—Desmond Schatz, M.D., president of medicine and science for the American Diabetes Association and associate chairman of pediatrics and director of the Clinical Research Center at the University of Florida.

It’s Not Really Why You’re There

“After a child has been living with diabetes for some time, often the first thing parents want to know when they come in for the appointment is, ‘What’s my child’s A1C?’ The results are not ready until the end of the checkup, but even if they were, I want us to first focus on the day-in/day-out management of the child’s diabetes. We look over the meter log and discuss any changes since the last appointment — like pubertal growth, which can have a big impact on blood sugars and, as a result, A1C. Only after this lengthy conversation do we take a look at A1C results. Most of the time, A1C matches up with what we’ve talked about. If the A1C is a bit of a surprise, then I go back to ask more questions and see what we may have missed. What’s going through my head is that I want parents to feel like our discussion of A1C is more of a footnote to the appointment — and not the only reason why they are there. It really is a small part of a much larger conversation.”

—Anat Hanono, M.D., pediatric endocrinologist at the Joslin Diabetes Center in Boston, Mass.

The Everyday Is as Important as the Big Picture

“A1C is only one measure of a patient’s blood sugar control. While I do use it to look at overall control over the past three months, I consider the patient’s overall health as a whole and do not solely rely on the A1C value. In very young children, I look for recent growth spurts and dietary changes and really like to look at pump and glucometer downloads over the last two to four weeks to discuss changes with the family, because these children change so quickly. In school-age kids where things might be more leveled off, A1C might be a more steady measure, but I still discuss activity, growth, and dosing with meals to ensure that everyday issues are addressed in addition to the overall picture. In teenagers, I try to start pushing more awareness and improved A1C control BUT try not to treat it as a ‘grade’ or reflection of being ‘good’ or ‘bad’ as this can cause a strained relationship between the physician and teen. Also, while A1C is important for long-term outcomes, there are several factors that can artificially lower A1C — such as frequent hypoglycemia and skipping meals — that need to be addressed individually outside of just looking at A1C.”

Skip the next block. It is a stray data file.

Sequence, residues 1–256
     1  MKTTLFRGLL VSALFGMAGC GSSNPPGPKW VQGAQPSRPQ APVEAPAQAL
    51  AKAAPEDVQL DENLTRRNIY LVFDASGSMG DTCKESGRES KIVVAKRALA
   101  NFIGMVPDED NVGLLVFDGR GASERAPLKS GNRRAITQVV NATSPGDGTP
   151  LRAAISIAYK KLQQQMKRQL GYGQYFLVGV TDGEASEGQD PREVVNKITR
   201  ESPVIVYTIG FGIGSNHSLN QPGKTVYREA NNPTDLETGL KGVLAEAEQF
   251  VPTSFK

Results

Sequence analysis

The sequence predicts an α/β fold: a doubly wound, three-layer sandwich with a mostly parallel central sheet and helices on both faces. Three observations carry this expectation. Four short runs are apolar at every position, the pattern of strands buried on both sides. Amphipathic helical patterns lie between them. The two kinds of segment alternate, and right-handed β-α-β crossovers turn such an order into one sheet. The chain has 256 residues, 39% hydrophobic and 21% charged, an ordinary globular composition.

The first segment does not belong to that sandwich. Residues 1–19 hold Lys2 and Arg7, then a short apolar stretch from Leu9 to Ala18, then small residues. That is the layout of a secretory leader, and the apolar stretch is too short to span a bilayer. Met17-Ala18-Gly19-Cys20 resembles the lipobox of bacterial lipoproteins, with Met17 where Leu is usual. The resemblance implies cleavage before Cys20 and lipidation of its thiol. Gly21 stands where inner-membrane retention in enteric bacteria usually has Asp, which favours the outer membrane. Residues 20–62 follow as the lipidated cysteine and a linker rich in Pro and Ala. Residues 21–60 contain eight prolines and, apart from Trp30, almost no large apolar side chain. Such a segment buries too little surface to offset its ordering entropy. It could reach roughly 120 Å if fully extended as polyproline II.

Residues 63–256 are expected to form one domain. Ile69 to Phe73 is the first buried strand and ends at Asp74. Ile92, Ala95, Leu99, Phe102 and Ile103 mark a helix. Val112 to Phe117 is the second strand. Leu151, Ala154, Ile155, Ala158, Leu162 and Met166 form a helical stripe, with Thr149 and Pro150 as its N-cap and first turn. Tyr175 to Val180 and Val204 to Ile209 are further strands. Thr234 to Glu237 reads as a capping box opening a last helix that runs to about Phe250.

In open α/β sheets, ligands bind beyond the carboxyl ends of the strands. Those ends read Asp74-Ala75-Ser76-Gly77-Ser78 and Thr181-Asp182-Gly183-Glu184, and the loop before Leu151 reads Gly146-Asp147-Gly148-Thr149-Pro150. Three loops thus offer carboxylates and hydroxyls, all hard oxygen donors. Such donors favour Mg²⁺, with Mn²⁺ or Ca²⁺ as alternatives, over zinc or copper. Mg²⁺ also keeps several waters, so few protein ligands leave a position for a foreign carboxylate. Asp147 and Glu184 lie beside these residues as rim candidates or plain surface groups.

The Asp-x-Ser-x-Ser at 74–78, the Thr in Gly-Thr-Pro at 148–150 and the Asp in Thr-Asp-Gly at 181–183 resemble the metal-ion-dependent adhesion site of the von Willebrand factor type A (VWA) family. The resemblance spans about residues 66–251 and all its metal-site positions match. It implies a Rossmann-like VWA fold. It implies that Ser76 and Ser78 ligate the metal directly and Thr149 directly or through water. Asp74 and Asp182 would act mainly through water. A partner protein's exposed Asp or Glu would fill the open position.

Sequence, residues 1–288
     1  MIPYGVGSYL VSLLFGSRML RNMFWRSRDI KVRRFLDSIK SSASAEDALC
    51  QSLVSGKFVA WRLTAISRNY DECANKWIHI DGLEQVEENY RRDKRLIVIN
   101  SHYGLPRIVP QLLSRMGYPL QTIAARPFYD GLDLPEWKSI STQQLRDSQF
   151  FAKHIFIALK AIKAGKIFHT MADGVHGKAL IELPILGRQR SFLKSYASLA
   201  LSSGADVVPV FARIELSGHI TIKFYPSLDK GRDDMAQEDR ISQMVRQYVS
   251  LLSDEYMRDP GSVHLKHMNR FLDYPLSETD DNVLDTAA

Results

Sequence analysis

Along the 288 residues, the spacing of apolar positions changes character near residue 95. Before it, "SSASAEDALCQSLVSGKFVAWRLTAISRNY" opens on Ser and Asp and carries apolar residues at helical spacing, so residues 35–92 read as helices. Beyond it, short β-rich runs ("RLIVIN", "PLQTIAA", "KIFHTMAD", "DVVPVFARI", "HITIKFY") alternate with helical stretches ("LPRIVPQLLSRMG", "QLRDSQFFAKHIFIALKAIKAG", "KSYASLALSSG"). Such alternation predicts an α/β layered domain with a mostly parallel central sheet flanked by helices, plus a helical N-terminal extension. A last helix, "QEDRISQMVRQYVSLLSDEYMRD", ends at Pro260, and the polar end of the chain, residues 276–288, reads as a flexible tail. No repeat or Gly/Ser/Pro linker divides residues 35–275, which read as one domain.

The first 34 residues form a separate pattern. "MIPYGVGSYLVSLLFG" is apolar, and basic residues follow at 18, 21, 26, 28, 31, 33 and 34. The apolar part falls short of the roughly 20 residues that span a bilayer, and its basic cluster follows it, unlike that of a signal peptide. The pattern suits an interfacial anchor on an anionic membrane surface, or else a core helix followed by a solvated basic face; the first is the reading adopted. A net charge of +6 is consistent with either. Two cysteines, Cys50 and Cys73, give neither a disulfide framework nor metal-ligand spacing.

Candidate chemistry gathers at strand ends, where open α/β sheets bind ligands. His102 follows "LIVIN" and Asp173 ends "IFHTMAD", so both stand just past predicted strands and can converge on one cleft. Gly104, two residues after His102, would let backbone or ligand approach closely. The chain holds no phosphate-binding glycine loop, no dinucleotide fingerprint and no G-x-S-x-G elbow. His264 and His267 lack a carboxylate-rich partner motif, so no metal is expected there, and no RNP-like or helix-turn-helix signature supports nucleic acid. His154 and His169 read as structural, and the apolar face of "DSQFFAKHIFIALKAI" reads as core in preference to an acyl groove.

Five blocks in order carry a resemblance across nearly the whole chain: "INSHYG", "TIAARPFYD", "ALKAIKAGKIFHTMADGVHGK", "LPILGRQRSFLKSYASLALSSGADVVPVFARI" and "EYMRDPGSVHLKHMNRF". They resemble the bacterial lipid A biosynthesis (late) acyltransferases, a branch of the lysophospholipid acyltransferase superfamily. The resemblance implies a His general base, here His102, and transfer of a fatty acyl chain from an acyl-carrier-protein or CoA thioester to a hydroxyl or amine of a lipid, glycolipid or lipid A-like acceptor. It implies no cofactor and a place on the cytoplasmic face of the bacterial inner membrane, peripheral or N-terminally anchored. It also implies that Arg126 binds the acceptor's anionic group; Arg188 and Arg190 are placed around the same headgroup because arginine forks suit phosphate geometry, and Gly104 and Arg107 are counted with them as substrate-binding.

—Amy Burton, M.D., medical staff board-certified in pediatrics and pediatric endocrinology at Texas Health Plano in Plano, Texas.

We Expect Less-Than-Perfect Numbers

“Children are constantly growing and changing, especially during puberty, and it’s normal that these different phases can cause blood sugar to fluctuate. It’s unrealistic to think that children will have ‘perfect’ blood sugar management — and ‘perfect’ A1C levels — all of the time. This is why bringing in your child’s day-to-day blood sugar logbook is so important — to paint the fullest picture possible of the last three months. If the A1C is not within its expected range, we can look back to see what challenges your child may have faced and what we can do to accommodate for them the next time these same issues come up.”

—Naznin M. Dixit, M.D., professor and chief of pediatric endocrinology and diabetes at the University of Mississippi Medical Center and Batson Children’s Hospital in Jackson, Miss.

 

Disclaimer: The experiences and suggestions recounted in these articles are not intended as medical advice, and they are not necessarily the “typical” experiences of families with a child who has type 1 diabetes. These situations are unique to the families depicted. Families should check with their healthcare professionals regarding the treatment of type 1 diabetes and the frequency of blood glucose monitoring.